Dennis J. Roberts

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Dennis Joseph Roberts
RI Governor Dennis Joseph Roberts.jpg
63rd Governor of Rhode Island
In office
January 2, 1951 – January 6, 1959
LieutenantJohn S. McKiernan
Armand H. Cote
Preceded byJohn S. McKiernan
Succeeded byChristopher Del Sesto
29th Mayor of Providence
In office
January 1941 – January 1951
Preceded byJohn F. Collins
Succeeded byWalter H. Reynolds
Member of the Rhode Island Senate
In office
Personal details
Born(1903-04-08)April 8, 1903
Providence, Rhode Island, U.S.
DiedJune 30, 1994(1994-06-30) (aged 91)
Providence, Rhode Island, U.S.
Political partyDemocratic
Military service
AllegianceUnited States United States
Branch/serviceUnited States United States Navy
Years of service1941 – 1945
RankLieutenant commander
Battles/warsWorld War II

Dennis Joseph Roberts (April 8, 1903 – June 30, 1994) was an American politician and member of the Democratic Party who served as the 63rd Governor of Rhode Island.


Born in Rhode Island's capital city, Providence, Roberts graduated La Salle Academy in 1923.[1] He was a graduate of Fordham University in 1927 and Boston University Law School in 1930, following which he practiced law in Providence.

His political career began in 1935 when he was elected to the State Senate, where he served until 1939. He became chairman of the State Democratic Party in 1938. He was a delegate to the 1936, 1940, 1948 and 1960 Democratic National Conventions (first time as an alternate delegate).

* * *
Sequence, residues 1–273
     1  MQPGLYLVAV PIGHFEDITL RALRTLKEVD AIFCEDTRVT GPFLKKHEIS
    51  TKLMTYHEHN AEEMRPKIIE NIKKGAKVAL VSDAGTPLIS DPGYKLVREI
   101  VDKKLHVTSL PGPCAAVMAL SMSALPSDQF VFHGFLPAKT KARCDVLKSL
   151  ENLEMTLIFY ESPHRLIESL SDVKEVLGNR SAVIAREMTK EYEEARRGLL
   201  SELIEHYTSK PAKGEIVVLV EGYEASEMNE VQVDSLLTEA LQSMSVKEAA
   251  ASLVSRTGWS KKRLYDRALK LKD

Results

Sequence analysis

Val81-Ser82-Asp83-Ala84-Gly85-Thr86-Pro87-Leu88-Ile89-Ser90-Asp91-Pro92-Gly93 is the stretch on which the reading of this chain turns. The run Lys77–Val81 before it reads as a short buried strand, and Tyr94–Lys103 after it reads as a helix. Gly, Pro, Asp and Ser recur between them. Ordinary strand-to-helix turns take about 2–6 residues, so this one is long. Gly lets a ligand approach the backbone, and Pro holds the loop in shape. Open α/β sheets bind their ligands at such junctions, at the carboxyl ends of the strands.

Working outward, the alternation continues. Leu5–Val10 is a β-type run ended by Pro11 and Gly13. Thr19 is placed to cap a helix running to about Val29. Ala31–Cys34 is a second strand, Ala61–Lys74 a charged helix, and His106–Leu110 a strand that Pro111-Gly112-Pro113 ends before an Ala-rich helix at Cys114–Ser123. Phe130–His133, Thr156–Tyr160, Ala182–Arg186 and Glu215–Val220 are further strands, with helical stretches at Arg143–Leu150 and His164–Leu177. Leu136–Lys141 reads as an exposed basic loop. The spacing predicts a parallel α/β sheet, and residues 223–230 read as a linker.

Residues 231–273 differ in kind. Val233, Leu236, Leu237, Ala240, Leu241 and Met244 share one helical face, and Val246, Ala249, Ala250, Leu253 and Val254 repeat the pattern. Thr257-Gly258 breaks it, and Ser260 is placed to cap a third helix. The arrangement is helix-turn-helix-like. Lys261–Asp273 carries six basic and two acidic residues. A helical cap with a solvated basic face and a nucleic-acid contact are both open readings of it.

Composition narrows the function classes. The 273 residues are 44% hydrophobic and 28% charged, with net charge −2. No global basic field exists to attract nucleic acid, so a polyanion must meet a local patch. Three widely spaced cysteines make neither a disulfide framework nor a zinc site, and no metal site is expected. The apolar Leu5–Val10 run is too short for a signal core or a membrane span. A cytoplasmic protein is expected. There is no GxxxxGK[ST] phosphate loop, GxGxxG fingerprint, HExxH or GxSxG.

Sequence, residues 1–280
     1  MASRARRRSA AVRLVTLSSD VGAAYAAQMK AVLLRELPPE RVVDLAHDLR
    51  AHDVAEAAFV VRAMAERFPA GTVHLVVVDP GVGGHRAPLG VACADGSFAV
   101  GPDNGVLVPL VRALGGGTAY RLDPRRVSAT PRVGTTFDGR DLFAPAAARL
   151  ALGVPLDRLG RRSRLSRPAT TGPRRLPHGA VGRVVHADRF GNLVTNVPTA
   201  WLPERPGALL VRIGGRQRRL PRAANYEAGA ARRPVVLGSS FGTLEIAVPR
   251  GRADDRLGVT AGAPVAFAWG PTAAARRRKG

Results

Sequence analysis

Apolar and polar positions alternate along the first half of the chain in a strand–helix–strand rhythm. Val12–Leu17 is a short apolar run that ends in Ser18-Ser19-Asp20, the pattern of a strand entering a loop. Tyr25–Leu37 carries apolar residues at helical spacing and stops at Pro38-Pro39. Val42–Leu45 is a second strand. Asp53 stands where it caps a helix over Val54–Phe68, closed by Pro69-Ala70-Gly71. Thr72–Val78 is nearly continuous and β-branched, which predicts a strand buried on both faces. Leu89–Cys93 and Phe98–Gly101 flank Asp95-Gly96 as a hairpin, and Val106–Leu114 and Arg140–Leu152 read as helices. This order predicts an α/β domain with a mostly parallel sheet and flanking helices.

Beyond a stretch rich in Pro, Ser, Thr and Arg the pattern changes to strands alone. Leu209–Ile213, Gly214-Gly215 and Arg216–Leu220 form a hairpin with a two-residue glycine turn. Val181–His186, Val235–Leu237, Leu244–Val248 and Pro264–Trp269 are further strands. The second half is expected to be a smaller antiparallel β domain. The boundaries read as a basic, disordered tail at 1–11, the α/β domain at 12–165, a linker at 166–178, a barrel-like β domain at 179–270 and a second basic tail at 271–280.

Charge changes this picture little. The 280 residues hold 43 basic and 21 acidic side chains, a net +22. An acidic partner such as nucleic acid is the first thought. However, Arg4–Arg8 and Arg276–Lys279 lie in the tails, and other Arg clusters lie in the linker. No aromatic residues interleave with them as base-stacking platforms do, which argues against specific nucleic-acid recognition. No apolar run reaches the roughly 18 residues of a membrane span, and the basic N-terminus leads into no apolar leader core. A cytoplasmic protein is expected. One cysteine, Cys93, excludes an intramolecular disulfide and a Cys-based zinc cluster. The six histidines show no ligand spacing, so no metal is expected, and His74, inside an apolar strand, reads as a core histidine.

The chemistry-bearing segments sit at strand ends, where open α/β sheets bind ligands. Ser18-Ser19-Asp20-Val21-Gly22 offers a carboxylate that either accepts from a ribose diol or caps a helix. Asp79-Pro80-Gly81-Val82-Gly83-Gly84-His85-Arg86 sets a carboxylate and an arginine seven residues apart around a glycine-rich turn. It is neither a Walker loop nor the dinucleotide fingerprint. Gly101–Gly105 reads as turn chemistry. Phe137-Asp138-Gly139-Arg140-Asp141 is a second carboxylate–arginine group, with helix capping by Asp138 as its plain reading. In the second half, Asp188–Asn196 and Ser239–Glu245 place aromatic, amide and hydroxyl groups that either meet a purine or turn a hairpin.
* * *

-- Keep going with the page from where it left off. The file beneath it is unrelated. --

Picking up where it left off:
Roberts was elected Mayor of Providence in 1940, and served until 1951, except when he served in the United States Navy during World War II. He rose to rank of lieutenant commander. He is mentioned by title in Arthur Miller's 1949 play Death of a Salesman, as the Mayor of Providence.


He was elected Governor of Rhode Island in 1950 and was re-elected three times, serving four two-year terms, holding the office from January 2, 1951 to January 6, 1959. While governor, he established a Department of Administration as a housekeeping agency for finance and other problems, as well as a Development Council to promote economic development in Rhode Island. He also reorganized the Department of Social Welfare to improve its administration. During the 1956 Gubernatorial election he lost in plurality votes to Republican Christopher Del Sesto, but the Rhode Island Supreme Court invalidated 5,000 civilian absentee and shut-in ballots cast prior to election day on the ground that a constitutional amendment required such votes to be cast on, rather than prior to, election day. This left Roberts the winner. He was defeated by Del Sesto two years later.

In 1960, former Governor Roberts sought the Democratic nomination for a U.S. Senate seat but was defeated by Claiborne Pell, who won and served in the Senate until 1997. He later went on to chair the Rhode Island Constitutional Convention, where he recommended a unicameral state legislature.

Roberts died while in surgery for a ruptured aneurysm in Rhode Island Hospital in Providence. He was a Catholic.


  1. ^ "La Salle Academy Hall of Fame". La Salle Academy. La Salle Academy. Retrieved January 21, 2016.

External links[edit]

Political offices
Preceded by
John F. Collins
Mayor of Providence
Succeeded by
Walter H. Reynolds
Preceded by
John S. McKiernan
Governor of Rhode Island
Succeeded by
Christopher Del Sesto